1.1 Algorithms and Data Structures Technically speaking, every program is an algorithm in itself. Referring to “algorithms and data structures” actually refers to the well-known subset of algorithms for accessing, searching, sorting, compressing, and otherwise manipulating large collections of data. Oftentimes performance automatically is associated with the efficiency of the algorithms and data structures used in a program, as if nothing else matters which is inaccurate.

1.2 Program Decomposition This involves decomposition of the overall task into communicating subtasks, object hierarchies, functions, data, and function flow. It is the program’s high-level design and includes component design as well as inter-component communication. Few programs consist of a single component. A typical Web application interacts (via API) with a Web server, TCP sockets, and a database, at the very least.

2. Coding

2.1 Language Constructs A programming language is a tool we use to express to computers how to do a specific task. Whether you use C++, C#, Java and you care about performance, you need understand the cost of your programming language constructs so not to be shocked at run time when you program scale. C++ adds power and flexibility to its C ancestor (i.e Object Oriented capabilities). These added benefits do not come for free—some C++ language constructs may produce overhead in exchange.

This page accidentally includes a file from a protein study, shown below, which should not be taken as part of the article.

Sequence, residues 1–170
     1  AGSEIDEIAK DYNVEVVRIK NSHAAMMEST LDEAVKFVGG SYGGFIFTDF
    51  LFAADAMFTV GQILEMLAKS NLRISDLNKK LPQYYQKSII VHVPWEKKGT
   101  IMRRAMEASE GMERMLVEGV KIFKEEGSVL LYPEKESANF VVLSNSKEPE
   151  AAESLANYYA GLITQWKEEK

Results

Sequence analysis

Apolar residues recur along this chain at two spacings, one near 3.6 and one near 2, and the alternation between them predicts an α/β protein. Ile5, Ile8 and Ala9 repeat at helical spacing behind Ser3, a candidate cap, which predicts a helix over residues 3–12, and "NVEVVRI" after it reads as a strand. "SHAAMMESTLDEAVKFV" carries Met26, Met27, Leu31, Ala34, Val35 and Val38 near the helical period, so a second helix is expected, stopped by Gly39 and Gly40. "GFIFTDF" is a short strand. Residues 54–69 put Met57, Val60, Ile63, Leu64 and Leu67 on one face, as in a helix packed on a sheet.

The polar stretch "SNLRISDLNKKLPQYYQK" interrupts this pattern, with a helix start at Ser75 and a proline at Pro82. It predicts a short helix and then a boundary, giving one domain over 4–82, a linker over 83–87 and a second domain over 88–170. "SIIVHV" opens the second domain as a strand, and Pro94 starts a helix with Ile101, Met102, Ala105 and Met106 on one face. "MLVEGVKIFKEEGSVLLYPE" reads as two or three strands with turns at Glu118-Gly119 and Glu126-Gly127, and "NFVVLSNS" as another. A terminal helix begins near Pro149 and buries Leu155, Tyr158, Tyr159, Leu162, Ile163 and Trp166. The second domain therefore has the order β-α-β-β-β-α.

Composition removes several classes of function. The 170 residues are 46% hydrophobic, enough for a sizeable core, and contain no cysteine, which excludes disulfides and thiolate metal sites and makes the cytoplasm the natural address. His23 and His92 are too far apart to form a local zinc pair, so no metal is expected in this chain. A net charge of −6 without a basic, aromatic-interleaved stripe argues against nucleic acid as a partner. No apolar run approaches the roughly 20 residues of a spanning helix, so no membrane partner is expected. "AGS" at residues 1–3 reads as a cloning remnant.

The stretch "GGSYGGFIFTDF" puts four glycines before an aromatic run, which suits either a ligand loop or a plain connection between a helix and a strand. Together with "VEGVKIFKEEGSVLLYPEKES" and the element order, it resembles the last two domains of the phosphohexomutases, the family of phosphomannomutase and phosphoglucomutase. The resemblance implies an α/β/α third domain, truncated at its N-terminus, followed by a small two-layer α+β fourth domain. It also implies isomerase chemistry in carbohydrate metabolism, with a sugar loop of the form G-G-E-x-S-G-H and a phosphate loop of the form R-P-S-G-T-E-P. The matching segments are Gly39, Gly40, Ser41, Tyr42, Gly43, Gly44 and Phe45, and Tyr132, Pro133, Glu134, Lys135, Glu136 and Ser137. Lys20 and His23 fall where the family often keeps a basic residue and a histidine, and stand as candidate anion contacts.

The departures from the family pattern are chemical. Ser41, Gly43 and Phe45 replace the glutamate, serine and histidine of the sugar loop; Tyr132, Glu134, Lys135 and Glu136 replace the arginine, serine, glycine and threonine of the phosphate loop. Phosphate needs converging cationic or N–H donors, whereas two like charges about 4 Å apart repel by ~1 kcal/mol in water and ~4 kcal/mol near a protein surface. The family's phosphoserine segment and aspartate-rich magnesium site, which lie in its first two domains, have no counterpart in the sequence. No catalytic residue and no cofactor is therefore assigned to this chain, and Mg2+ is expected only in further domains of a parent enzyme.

2.2 System Architecture System designers invest considerable effort to present the programmer with an idealistic view of the system: infinite memory, dedicated CPU, parallel thread execution, and uniform-cost memory access. Of course, none of these is true—it just feels that way. Developing software free of system architecture considerations is also convenient. To achieve high performance, however, these architectural issues cannot be ignored since they can impact performance drastically. When it comes to performance we must bear in mind that: